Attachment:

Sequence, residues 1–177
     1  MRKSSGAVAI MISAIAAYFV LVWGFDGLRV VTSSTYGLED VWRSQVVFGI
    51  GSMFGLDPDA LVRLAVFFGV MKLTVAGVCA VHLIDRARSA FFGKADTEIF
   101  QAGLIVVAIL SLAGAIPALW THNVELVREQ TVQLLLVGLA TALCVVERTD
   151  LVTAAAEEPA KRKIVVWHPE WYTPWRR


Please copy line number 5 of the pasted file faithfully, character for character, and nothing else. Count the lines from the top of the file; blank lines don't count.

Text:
   151  LVTAAAEEPA KRKIVVWHPE WYTPWRR